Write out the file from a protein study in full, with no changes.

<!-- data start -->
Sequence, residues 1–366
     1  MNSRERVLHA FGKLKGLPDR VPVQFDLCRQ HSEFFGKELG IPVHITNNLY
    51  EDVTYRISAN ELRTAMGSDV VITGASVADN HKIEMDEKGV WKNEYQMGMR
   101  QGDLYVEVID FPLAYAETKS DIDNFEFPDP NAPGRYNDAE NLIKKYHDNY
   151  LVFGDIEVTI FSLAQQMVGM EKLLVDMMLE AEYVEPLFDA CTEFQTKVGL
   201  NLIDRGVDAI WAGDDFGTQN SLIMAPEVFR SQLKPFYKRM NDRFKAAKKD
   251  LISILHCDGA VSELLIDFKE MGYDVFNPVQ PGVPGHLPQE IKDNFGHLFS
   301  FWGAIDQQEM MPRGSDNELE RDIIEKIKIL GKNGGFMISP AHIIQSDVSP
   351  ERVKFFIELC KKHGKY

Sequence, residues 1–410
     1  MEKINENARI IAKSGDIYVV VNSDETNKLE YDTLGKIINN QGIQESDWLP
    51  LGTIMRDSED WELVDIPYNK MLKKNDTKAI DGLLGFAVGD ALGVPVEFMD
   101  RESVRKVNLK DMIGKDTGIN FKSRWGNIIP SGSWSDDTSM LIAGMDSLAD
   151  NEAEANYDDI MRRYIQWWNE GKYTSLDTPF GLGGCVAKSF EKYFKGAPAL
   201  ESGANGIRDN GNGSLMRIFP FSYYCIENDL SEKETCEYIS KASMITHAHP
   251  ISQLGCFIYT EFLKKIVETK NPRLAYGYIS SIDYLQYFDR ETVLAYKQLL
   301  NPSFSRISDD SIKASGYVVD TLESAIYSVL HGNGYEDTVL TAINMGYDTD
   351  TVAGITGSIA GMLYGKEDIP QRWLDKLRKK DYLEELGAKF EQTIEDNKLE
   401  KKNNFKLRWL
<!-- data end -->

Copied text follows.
Sequence, residues 1–366
     1  MNSRERVLHA FGKLKGLPDR VPVQFDLCRQ HSEFFGKELG IPVHITNNLY
    51  EDVTYRISAN ELRTAMGSDV VITGASVADN HKIEMDEKGV WKNEYQMGMR
   101  QGDLYVEVID FPLAYAETKS DIDNFEFPDP NAPGRYNDAE NLIKKYHDNY
   151  LVFGDIEVTI FSLAQQMVGM EKLLVDMMLE AEYVEPLFDA CTEFQTKVGL
   201  NLIDRGVDAI WAGDDFGTQN SLIMAPEVFR SQLKPFYKRM NDRFKAAKKD
   251  LISILHCDGA VSELLIDFKE MGYDVFNPVQ PGVPGHLPQE IKDNFGHLFS
   301  FWGAIDQQEM MPRGSDNELE RDIIEKIKIL GKNGGFMISP AHIIQSDVSP
   351  ERVKFFIELC KKHGKY

Sequence, residues 1–410
     1  MEKINENARI IAKSGDIYVV VNSDETNKLE YDTLGKIINN QGIQESDWLP
    51  LGTIMRDSED WELVDIPYNK MLKKNDTKAI DGLLGFAVGD ALGVPVEFMD
   101  RESVRKVNLK DMIGKDTGIN FKSRWGNIIP SGSWSDDTSM LIAGMDSLAD
   151  NEAEANYDDI MRRYIQWWNE GKYTSLDTPF GLGGCVAKSF EKYFKGAPAL
   201  ESGANGIRDN GNGSLMRIFP FSYYCIENDL SEKETCEYIS KASMITHAHP
   251  ISQLGCFIYT EFLKKIVETK NPRLAYGYIS SIDYLQYFDR ETVLAYKQLL
   301  NPSFSRISDD SIKASGYVVD TLESAIYSVL HGNGYEDTVL TAINMGYDTD
   351  TVAGITGSIA GMLYGKEDIP QRWLDKLRKK DYLEELGAKF EQTIEDNKLE
   401  KKNNFKLRWL